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Addiction Treatment: Why Individual Sessions are Important

by Tom Horvath, PhD, ABPP

Why individual sessions in addiction treatment are important

One of the most frequent complaints I hear from clients who have attended other treatment facilities is “I almost never had an individual session.” Why are frequent individual sessions unusual in US addiction treatment, and why are they important?

Groups led by drug and alcohol counselors save money

man seeking individual therapy for addictionA business reason to provide treatment primarily in groups is to lower costs. All businesses want to save on labor costs. In many cases groups are oriented around a well-established curriculum, designed to help clients “get the program.” Getting the program typically involves accepting the perspective that “I have a disease, I need to go to meetings for the rest of my life, I can never drink again, my own willpower will never be sufficient to solve my addiction problems, etc.” From this perspective individualized care is not needed. Every recovery looks essentially the same.

If getting the program is the goal of the group, then additional savings can occur when the group is led by a drug and alcohol counselor. Most addiction treatment is provided by these counselors, who can be employed at lower cost than physicians, psychologists, social workers and licensed professional counselors.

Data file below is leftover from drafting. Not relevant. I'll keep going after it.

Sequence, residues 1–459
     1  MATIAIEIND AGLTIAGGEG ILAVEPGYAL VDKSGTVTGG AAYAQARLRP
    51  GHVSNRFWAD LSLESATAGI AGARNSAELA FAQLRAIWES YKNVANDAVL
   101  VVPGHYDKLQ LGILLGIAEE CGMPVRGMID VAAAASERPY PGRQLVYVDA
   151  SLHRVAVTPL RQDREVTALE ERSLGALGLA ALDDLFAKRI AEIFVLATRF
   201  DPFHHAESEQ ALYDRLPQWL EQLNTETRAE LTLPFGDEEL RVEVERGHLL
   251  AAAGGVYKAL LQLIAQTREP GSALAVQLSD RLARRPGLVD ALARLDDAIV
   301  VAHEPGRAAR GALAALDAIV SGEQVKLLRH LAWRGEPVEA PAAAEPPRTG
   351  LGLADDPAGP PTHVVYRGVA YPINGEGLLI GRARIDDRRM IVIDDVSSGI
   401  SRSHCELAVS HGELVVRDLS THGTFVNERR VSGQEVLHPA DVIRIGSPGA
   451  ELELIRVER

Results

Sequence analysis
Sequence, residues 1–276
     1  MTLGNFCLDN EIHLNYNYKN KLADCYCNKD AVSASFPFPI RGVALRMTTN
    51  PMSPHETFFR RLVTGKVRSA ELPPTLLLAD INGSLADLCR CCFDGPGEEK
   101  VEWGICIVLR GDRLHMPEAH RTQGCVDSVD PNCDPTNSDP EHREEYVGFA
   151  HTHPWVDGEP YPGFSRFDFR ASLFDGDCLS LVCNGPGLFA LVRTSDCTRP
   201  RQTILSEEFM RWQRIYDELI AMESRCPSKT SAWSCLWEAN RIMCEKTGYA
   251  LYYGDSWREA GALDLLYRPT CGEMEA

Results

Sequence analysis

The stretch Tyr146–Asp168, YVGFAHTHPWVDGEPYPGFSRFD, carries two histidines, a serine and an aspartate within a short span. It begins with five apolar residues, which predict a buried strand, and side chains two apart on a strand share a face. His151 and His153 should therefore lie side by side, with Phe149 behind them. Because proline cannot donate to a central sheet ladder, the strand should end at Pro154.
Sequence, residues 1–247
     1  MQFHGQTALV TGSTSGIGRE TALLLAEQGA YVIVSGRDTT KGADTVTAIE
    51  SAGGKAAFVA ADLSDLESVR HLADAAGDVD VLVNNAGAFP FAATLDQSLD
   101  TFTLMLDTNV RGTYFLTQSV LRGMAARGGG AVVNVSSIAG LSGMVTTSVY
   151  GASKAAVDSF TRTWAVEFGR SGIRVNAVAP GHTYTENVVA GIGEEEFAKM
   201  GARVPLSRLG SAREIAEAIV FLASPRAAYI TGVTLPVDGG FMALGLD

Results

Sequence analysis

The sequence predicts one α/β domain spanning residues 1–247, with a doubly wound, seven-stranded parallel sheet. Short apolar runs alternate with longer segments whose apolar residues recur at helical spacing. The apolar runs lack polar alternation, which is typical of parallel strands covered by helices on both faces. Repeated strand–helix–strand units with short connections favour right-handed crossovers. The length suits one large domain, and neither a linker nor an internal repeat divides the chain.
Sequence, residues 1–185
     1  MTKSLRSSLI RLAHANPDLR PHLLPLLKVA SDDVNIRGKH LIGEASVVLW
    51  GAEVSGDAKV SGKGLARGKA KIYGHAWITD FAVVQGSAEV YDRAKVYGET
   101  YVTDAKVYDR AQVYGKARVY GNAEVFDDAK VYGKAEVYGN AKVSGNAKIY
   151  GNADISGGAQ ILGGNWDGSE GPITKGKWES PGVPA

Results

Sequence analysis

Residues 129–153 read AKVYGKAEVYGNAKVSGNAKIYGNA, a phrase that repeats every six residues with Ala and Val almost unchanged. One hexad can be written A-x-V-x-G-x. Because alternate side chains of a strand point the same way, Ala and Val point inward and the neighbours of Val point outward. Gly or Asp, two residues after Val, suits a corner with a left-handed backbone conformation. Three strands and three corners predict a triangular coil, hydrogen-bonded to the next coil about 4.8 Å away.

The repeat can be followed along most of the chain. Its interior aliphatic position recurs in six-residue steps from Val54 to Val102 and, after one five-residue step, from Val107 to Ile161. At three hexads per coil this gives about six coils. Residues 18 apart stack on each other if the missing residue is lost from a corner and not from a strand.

By comparison, what would you think of a healthcare facility that provided most of its medical care with vocational nurses, and only occasionally allowed the patient to see registered nurses, physicians and other high level professionals? In that scenario there would be little individualized care. Everyone on the cancer ward would get the “cancer program.” Vocational nurses have a critical role in health care. However, how much authority should they have in making health care decisions? Would you not want your medical care fully individualized? Similarly, how much authority should drug and alcohol counselors have in addiction treatment?

How did our society arrive at the current situation, in which addiction treatment is so dramatically underfunded? Ironically, viewing addiction as a disease sets us up to stigmatize those who have it, and thereby rationalize not providing high level care for them. In my darker moments I view the treatment often provided in the US as akin to the low quality medical care (if any) probably provided to most slaves throughout history.

Individual sessions can provide truly individualized care

Indeed there are excellent drug and alcohol counselors, but their training does not prepare them to address the critical issues that can arise in addiction treatment. These critical issues are why individualized care is needed.

There are as many ways to overcome problematic addictive behavior as there are individuals. It is the role of the professional to help the client determine, given the biological, psychological and social changes that might be made, what makes sense to move forward with.